In the Northern Territory, explore the deep and narrow Katherine Gorge, with its 13 towering red rock formations named after the first European explorers of the area. Take a boat cruise or paddle a canoe up the river, gazing up at the gorge's soaring cliffs. Bushwalkers will love the remote two-day hike through pristine Jatbula Trail along the ridge of Nitmiluk National Park.
No Aussie road trip is complete without venturing into the iconic Karijini National Park, Western Australia"s second largest park. Witness Mother Nature"s artistry while trekking through ancient gorges like Red, Weano, and Dales. Experience the unique serenity found while sitting at the base of a gorge"s plunging waterfalls and natural rock pools.
With over 35,000 kilometers of coastline, it's no wonder Australia is a surfer's paradise. Epic waves can be found crashing onto beaches in every state, from the frigid southern coasts to the tropical northern shores. For road trippers armed with boards, it's impossible to resist the siren call of Aussie surf.
The quality and consistency of waves found here are legendary. Offshore reefs create perfect right and left hand point breaks, river mouths form sand-bottomed beach breaks ideal for beginners, and exposed open ocean coasts churn out powerful swells that draw experienced big wave riders. Surfers flock here from across the globe to experience these world-class waves firsthand.
In the Margaret River region of western Australia, surfers rave about the setups they find at spots like Yallingup, Smiths Beach, and Injidup. With swells generated by winter storms in the Southern Ocean, it's the kind of surf that dreams are made of. Long rolling waves break over scattered reef clusters, wrapping smoothly down the line in both directions. For many hardcore surfers, this area represents a pilgrimage, the ultimate big tick on their bucket lists.
Up the coast, Indian Ocean swells blessed Rottnest Island"s Strickland Bay with such phenomenal surf it was given the name "Australia"s Pipeline." Drawing comparisons to the iconic Hawaiian wave is no exaggeration. This heavy barreling left hander only works on rare swells, but delivers that coveted keg ride when conditions align. Nearby Cactus left hand point break is another favorite amongst locals and visitors.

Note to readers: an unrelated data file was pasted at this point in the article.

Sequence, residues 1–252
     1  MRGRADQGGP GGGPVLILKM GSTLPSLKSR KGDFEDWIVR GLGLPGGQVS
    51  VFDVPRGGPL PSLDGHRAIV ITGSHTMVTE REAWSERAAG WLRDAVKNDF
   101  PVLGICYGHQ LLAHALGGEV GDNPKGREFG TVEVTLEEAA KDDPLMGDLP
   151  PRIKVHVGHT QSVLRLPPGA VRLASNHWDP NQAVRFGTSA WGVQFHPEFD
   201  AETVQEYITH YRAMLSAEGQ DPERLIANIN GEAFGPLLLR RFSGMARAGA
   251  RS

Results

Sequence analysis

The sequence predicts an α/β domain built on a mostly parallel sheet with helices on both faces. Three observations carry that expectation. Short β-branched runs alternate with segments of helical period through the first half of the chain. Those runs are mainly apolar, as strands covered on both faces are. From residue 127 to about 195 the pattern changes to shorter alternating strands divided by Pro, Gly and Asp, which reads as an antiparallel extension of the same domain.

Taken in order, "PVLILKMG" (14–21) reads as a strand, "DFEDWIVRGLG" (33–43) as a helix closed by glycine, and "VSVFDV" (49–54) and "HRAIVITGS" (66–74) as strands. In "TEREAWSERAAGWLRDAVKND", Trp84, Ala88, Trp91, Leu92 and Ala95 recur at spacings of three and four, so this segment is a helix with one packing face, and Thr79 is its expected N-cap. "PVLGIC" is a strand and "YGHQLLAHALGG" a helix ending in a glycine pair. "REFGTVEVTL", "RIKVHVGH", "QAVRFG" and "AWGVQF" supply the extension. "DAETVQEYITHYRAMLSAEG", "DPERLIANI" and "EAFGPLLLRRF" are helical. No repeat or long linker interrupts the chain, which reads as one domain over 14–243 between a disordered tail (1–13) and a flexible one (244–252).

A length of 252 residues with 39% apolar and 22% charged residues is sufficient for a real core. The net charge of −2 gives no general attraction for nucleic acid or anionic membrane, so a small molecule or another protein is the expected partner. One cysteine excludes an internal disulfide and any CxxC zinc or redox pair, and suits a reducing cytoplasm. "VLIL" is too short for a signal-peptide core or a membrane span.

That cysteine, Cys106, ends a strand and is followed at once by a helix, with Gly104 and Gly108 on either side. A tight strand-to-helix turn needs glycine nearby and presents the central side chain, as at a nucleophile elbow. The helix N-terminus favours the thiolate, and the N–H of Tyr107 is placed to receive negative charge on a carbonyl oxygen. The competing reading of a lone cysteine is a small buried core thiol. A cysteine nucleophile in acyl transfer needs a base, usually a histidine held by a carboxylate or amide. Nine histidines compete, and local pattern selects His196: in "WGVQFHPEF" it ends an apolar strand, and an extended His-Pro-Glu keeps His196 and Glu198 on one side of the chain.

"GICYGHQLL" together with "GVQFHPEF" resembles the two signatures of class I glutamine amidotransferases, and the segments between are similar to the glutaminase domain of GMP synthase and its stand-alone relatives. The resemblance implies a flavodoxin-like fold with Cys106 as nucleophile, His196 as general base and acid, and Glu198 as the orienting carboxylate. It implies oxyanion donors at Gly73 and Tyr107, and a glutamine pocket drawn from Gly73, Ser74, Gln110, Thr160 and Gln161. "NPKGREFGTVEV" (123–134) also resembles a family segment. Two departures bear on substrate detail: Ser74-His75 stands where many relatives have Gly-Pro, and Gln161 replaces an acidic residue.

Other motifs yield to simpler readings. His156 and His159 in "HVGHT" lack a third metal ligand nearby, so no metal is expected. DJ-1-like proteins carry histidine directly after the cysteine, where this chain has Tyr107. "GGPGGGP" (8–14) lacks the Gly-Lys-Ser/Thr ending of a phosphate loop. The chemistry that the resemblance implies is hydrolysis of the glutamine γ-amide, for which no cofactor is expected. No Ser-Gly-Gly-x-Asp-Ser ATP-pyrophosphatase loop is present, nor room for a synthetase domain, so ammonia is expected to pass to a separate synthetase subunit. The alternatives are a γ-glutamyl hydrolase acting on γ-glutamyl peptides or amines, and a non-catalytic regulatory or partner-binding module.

The Gold Coast of Queensland boasts surf culture at its finest, with laidback beach towns oriented around riding waves. Duranbah Beach, Snapper Rocks, and Burleigh Heads serve up excellent surfing and plenty of young nomadic wave riders living the endless summer dream. Further north, Noosa Main Beach knows how to deliver fun playful peaks when the groundswells march in.
A quintessential part of any Australian road trip is an up-close encounter with the country's unique wildlife. And what better way to meet these fascinating creatures than at a wildlife sanctuary, where you can observe animals in a protected habitat and even get the chance to pet or feed them.
Of all the native Aussie animals, it's hard to go past the iconic kangaroo for that perfect photo op. Found across the entire country, kangaroos embody the spirit of Australia. At sanctuaries, you'll often find rescued joeys or orphaned young kangaroos being cared for. This provides a rare chance to see these bouncing marsupials up close and maybe even cuddle a joey. Just be sure to follow all park rules, as adult kangaroos can be quite powerful when they kick.